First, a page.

“We think film is a great way to connect with students who may not respond as well to education in the classroom,” said Teen Screen Director Lori Sisson.
TeenScreen uses a student-centered teaching approach to eliminate the “hierarchy” that exists in traditional classrooms, where teachers guide discussion. Instead, the curiosity of students leads the themes they discuss as a group.
To try to address inequality in teaching and learning, Teen screen intentionally targets underserved schools.
“[W]e try [to] level the playing field by offering our films for free and providing assistance with transportation funding for struggling schools, and we hope to bring diverse groups together in the cinema to experience the film together and talk about it afterwards — offering their varying perspectives” Sisson wrote in an email.
Sisson said Teen Screen doesn’t work with school districts directly, but relies on passionate teachers who are looking for ways to support how and what students learn. In 2020, Teen Screen is looking to identify new partners.
“We’ve partnered with educators teaching German, history, English … I mean the list just goes on and on,” Sisson said.
“We educate the kids, and we educate the teachers so they can learn from each other,” said Mimi Botkin, a volunteer educator with Teen Screen and a former English teacher at Pittsburgh Public Schools and Fox Chapel Area Schools.
Through film, Botkin said the “program teaches students how to watch intelligently,” seeking broader context about the era and the struggle. Botkin said it’s all about students understanding their place in the world.
“We show them what their personal power is … that they are upstanders and changemakers in the world,” she said.
That students need to know “what happened 75 years ago also happened 75 minutes ago … To be able to get them to make a change, we’ve got to get them out of the bubble.”
Kipp Dawson, another volunteer who is a former Pittsburgh Public Schools English teacher and librarian, said the most significant lessons are the ones that empower students, individually and as a community.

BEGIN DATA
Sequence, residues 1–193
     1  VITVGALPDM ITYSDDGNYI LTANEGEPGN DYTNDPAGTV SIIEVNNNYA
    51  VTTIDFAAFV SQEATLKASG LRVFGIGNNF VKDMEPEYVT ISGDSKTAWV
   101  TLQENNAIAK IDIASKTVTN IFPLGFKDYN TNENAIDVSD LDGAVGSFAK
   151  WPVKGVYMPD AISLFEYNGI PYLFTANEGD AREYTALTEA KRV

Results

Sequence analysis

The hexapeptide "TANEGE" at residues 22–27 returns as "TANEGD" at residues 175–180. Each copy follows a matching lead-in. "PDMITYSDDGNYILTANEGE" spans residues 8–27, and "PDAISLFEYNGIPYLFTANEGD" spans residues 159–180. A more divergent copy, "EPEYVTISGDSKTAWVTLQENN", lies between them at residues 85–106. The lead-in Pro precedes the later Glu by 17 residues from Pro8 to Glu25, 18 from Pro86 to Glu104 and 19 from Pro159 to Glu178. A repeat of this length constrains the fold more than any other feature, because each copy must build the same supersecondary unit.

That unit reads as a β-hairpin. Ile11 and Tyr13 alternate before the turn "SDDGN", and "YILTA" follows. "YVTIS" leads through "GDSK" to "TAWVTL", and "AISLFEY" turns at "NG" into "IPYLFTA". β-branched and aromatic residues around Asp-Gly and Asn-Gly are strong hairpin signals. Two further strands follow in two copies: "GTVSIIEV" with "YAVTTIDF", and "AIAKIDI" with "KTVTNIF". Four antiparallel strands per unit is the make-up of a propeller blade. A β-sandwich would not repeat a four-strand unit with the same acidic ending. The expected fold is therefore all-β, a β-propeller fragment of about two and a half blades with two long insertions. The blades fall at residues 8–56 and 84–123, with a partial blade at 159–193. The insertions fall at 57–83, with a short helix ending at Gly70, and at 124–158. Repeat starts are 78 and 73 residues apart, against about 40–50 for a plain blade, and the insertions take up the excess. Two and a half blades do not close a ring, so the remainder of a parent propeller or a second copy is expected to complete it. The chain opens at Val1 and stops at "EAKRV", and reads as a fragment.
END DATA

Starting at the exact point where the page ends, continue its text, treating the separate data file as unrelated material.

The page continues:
Dawson said Teen Screen aims to help students understand history beyond memorizing dates and events. They want students to consider how values change and what role morality plays in our history.
Dawson shared with the students at the “Run Boy Run” showing her own personal story. She told them her Jewish parents fled their home in Eastern Europe in the “early 19-teens” because of Russian dictatorship and violent anti-Semitism. She told a reporter afterward that students sometimes tell her after she shares her family history that she is the only person they have met touched by conflicts they learn about in their history books — and that’s powerful.
Sharing personal stories is just one of the many ways Dawson said educators can connect with students on a deeper level, beyond assigning essays.
“There are a lot of ways to learn and share … besides multiple-choice questions,” she said. “Interactions are essential and a dynamic way to interact with students’ knowledge.”
Correction (1/22/2020): This story incorrectly stated the name of Kathryn Spitz Cohan and incorrectly said that students are provided complimentary snacks. Screenings are free, but students pay for concessions. We have updated statistics on the number of students served based on new information from Teen Screen.
Jourdan Hicks is the PublicSource community correspondent. She can be reached at firstname.lastname@example.org.
This story was fact-checked by Shannon Kavanagh.